The time frame Dawkins was mentioning was during his first year playing tackle football. This is when he was 8 years old. At the beginning of the season, Dawkins had his heart set on being a running back like his father. With disbelief in mind, Ralph warned his son that playing something other than running back was not the end of the world. By no means was Ralph a push over with his son. In fact, he was harder on Dalyn than he was his other players. However, Dalyn wouldn’t budge. Ralph gave him a chance to run the ball. To his surprise, Dalyn excelled.
“I gave him a shot and he earned one of the two running back spots that season,” Ralph Dawkins said.
The dedicated 8-year-old Dawkins made the most of his opportunity playing running back. He broke more and more tackles and made people miss as the season went on. This led to a drastic improvement at the beginning of next season. Now, dad was finally convinced. To truly test his talents, Ralph gave his son one final test.
“When we came out for that 9-year-old season no one could catch him,” Ralph Dawkins said. “I thought, well, maybe these teams he was playing weren’t that good. So, I took him across town to play a really good team and said, ‘Let’s see what you got.’ They just couldn’t touch him. From that moment on, I knew he was something special.”
From then on, the dominance in Dalyn’s running never stopped. But, even then, the constant critiques from dad that have made Dalyn the running back he is today didn’t let up.
“One thing I specifically remember that my dad taught me was the mindset of attacking people,” Dalyn Dawkins said. “If I didn’t finish a run or something, he would always say something.”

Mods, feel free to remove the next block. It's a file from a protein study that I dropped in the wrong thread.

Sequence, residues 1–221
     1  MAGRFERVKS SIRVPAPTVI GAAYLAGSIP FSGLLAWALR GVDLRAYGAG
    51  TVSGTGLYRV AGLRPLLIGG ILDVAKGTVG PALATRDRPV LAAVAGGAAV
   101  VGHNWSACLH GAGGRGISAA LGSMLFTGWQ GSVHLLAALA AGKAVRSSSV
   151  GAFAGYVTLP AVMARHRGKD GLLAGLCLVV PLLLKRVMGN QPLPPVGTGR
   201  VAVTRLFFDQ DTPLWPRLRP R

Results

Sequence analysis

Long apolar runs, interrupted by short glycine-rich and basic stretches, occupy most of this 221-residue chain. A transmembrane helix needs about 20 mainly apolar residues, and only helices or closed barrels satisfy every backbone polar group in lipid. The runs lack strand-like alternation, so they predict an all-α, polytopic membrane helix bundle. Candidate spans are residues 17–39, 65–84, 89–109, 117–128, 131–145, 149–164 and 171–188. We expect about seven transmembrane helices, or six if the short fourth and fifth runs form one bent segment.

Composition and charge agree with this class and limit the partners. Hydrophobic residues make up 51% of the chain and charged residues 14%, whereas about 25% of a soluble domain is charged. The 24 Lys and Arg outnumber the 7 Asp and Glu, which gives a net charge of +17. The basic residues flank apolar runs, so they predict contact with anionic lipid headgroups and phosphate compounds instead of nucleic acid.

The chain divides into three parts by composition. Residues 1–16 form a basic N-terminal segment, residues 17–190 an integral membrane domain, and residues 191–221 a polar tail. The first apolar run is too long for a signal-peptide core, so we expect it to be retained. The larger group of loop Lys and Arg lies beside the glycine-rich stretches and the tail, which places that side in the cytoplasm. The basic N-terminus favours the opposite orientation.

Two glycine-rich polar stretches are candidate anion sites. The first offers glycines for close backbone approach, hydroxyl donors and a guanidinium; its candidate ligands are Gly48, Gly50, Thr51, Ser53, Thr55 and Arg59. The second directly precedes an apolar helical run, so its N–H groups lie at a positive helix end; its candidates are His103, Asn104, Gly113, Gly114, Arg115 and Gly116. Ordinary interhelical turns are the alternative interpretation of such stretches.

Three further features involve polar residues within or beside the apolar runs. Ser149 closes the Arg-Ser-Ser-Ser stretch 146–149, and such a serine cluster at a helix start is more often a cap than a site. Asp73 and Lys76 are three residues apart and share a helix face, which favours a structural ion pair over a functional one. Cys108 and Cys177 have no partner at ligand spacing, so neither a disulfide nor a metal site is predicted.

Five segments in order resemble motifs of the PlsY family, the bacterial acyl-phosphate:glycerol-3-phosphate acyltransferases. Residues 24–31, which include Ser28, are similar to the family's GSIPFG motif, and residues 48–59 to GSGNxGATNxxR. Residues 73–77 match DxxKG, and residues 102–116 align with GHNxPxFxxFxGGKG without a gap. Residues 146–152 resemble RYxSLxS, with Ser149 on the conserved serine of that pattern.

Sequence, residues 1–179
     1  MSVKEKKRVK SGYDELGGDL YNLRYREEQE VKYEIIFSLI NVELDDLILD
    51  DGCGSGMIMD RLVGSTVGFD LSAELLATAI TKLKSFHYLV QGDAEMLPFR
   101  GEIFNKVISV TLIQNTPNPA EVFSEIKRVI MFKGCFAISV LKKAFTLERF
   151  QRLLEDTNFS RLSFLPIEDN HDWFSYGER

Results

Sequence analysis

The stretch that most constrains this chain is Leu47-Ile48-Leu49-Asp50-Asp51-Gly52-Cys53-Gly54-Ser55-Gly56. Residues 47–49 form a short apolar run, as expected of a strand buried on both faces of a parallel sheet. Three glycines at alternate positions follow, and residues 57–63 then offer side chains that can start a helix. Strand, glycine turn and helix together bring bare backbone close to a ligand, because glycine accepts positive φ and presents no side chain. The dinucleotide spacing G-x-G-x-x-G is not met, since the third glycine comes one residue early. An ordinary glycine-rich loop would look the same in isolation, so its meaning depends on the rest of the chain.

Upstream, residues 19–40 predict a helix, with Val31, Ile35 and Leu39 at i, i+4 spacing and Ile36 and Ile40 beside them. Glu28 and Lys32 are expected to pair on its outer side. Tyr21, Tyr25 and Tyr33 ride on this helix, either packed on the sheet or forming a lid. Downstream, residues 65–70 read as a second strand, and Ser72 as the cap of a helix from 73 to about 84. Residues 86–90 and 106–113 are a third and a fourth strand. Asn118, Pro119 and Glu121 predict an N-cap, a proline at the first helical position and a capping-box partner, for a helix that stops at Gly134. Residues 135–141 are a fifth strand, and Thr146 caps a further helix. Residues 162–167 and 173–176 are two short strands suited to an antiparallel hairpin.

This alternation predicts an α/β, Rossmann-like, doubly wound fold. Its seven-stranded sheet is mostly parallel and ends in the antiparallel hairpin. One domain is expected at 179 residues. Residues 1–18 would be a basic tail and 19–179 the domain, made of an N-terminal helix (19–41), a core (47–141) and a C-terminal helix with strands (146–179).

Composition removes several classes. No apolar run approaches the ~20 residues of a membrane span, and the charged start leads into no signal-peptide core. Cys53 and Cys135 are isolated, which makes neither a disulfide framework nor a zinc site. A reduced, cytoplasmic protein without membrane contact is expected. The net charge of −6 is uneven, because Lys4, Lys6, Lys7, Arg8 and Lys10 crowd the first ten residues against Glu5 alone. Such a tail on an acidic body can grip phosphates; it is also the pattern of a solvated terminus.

Beyond making sure Dalyn gave 100 percent on every play, there were specific weaknesses in Dalyn’s game that his father noticed. Subsequently, there was no hesitation in letting his son know.
During his early years at Trinity High School in Louisville, Dawkins wasn’t particularly great at catching the ball. He also didn’t have the necessary speed to breakaway from defenders downfield. It’s worth noting that Dawkins wasn’t awful at either of those things. But his father knew he could be great. Without his father’s mentoring, he would not have become aware of these weaknesses at such a young age.
Even after Ralph stopped coaching Dalyn in his preteen years, he didn’t take a backseat in helping Dalyn overcome his weaknesses. This happened a few years after Ralph was done coaching his son.
“When he addressed those deficiencies he was a complete back,” Ralph Dawkins said. “This happened early into his high school career. The only thing he had working against him was his size. But he couldn’t control that.”
From then on, Dalyn continued his success at running back. Ralph’s work was done and Dalyn showed that in his play. Dawkins rushed for 1,479 yards and scored 18 touchdowns on the ground as senior at Trinity.
Flash forward to now and nothing has changed in terms of Dawkins’ effectiveness. In his two full seasons with the Rams since transferring from Purdue in 2014, Dawkins has been CSU’s leading rusher. He is fresh off a junior season in which he rushed for 919 yards, the ninth highest total in the Mountain West in 2016.
In addition to leading CSU during games, Dawkins’ overall work ethic has become a model for his teammates. It’s easy to believe that some of that work ethic is a result of his father encouraging him from a young age.
“Dalyn Dawkins is the standard of how guys work hard in practice,” head coach Mike Bobo said.
Even with a firm grasp on his running capabilities, Dawkins still frequently talks to his father about football.
“I talk to him every game day basically,” Dalyn Dawkins said. “Every week we talk about what I have to do this game, my mindset, making the most of my carries.”
Four of the last five Colorado State running backs to rush for over 1,000 yards in a season with the Rams have at least been signed by an NFL team, if not drafted. If last season is an indicator, Dawkins is well on the way to doing so.
When asked about his son’s NFL potential, Ralph didn’t bat an eye.
“The biggest thing is people believing in the fact that he can play running back at his size,” Ralph Dawkins said. “If he can build off of what he did last year and the year before that I think he’ll get drafted.”
Collegian sports reporter Eddie Herz can be reached by email at firstname.lastname@example.org or on Twitter @Eddie_Herz.